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The genetic diversity of Teratosphaeria cryptica in Australia

Lazar, Katherine (2016) The genetic diversity of Teratosphaeria cryptica in Australia. PhD thesis, Murdoch University.

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Teratosphaeria cryptica is one of the most important causal agents of Teratosphaeria leaf disease in plantations in Australia, the others being Teratosphaeria nubilosa and T. pseudonubilosa. While T. nubilosa has been distributed globally, T. cryptica and T. pseudonubilosa are only found in Australia and New Zealand. Teratosphaeria cryptica has a very broad distribution and host range within Australia. In this thesis the population genetics of T. cryptica was examined in order to determine its mode of reproduction, origin and patterns of movement within Australia, to look for evidence of cryptic speciation, and determine whether there is evidence for host preferences or spatial structure within and between populations.

Eleven primer sets were designed for polymorphic microsatellites regions for T. cryptica. These were then used on over 1000 samples of T. cryptica collected throughout its range within Australia; Western Australia (WA), Victoria (VIC), Tasmania (TAS), New South Wales (NSW) and into far north Queensland (QLD). Several aspects of the overall Australian population were revealed. The pathogen most likely originated in south eastern Australia (VIC, TAS and Southern NSW). In the eastern states there appears to be a division between the north (northern NSW and QLD) and the south (VIC, TAS and southern NSW) from which very different populations were found.

Within both the northern and southern areas of eastern Australia there was evidence of linkage disequilibrium in populations. Analysis with the program STRUCTURE found two clusters in the north and four clusters in the south. These clusters do not appear to represent cryptic species as there was evidence of admixture. Although QLD was not thoroughly sampled, the two northern clusters were not closely related and it is therefore proposed that they represent two separate migration events from the south. In vi the south, there was correlation (although also many exceptions) between clusters and host species (two clusters were associated mainly with E. globulus, another with E. nitens and another with E. obliqua). As out crossing requires physical proximity it is possible the clusters have arisen out of the host preference.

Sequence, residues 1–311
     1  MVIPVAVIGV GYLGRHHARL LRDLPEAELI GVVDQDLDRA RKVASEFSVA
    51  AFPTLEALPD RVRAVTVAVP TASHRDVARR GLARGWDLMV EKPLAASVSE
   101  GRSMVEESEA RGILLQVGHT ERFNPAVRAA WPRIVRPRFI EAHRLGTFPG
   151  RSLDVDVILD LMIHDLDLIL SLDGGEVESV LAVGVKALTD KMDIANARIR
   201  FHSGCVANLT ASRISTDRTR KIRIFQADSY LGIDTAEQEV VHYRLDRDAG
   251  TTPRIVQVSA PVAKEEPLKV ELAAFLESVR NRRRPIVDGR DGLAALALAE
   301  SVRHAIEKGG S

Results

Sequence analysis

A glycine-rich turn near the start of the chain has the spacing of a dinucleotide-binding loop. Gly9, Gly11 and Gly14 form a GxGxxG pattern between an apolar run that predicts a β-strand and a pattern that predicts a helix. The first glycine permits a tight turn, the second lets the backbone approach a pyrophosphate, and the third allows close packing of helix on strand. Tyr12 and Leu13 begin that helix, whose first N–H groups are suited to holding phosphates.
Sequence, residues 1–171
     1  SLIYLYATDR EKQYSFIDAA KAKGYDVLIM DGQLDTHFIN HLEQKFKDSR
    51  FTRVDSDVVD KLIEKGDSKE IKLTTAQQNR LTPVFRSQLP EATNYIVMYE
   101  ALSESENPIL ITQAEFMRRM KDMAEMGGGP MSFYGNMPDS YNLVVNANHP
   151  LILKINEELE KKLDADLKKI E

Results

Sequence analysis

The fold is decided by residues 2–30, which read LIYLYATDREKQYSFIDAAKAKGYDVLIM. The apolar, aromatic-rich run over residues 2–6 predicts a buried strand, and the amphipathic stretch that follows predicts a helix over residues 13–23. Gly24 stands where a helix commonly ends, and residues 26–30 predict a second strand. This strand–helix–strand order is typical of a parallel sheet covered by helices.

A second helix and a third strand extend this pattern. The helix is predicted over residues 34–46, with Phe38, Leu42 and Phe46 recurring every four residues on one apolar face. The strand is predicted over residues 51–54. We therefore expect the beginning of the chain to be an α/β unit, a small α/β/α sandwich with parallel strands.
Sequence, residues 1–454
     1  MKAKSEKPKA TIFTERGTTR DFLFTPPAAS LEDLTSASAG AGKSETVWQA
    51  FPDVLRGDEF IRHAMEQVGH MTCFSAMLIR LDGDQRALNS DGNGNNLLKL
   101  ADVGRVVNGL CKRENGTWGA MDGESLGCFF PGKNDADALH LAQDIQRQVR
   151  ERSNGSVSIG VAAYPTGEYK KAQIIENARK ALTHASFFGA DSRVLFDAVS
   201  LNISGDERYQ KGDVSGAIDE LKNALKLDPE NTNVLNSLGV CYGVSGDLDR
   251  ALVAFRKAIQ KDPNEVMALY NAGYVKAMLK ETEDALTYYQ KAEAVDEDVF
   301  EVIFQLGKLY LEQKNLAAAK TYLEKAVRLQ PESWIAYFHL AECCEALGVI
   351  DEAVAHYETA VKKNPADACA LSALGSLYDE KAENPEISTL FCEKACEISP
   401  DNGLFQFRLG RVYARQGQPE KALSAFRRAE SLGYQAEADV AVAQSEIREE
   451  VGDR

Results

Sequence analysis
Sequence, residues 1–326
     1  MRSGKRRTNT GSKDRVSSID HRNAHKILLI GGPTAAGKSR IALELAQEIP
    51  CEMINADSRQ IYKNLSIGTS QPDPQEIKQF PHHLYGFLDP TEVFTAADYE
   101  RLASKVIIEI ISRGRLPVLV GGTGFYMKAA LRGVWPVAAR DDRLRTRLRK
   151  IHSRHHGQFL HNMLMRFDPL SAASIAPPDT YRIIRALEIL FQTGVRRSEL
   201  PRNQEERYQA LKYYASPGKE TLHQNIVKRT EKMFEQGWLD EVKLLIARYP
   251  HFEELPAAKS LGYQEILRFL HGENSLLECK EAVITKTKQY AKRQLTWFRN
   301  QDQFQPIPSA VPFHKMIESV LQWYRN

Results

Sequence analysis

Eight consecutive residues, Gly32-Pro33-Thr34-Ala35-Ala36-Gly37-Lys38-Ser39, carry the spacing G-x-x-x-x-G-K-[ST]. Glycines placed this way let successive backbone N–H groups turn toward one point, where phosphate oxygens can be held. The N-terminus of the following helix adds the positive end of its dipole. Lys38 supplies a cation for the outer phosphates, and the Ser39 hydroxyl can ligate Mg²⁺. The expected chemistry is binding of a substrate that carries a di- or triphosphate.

Teratosphaeria cryptica was foremost found to be homothallic. This, together with asexual reproduction often resulted in an immediate area (within 20m2) being dominated by one to three multilocus haplotypes (MLHs). In different areas however it was rare to find identical MLHs. There was one exception to this, MLH C274, which was found at multiple locations. It was almost exclusively found on E. globulus and had consistent culture morphology. It’s possible the widespread planting of E. globulus in south eastern Australia has changed the composition of the T. cryptica population with an increase in MLHs with a preference for E. globulus and suggest that this disease will continue to be a problem for plantations in south eastern Australia.

Teratosphaeria cryptica has been introduced into WA. There appears to have been at least two introductions. One of these probably occurred around the time it was first recorded in WA, the early 1990s. Although it may have been bought in with E. globulus for plantations, it could also have had different sources as many host species from south eastern Australia have been transported to WA. The evolutionary advantage of infecting endemic hosts appears to have led to a shift away from E. globulus and MLHs derived from this older introduction were rarely found in plantations. Most isolates collected from plantations were MLH C274, with the same host preference and culture morphology as found in VIC. The introduction of further MLHs, particularly those with a preference for E. globulus is of concern for plantations and quarantine procedures.

Item Type: Thesis (PhD)
Murdoch Affiliation(s): School of Veterinary and Life Sciences
United Nations SDGs: Goal 15: Life on Land
Supervisor(s): Burgess, Treena and Hardy, Giles
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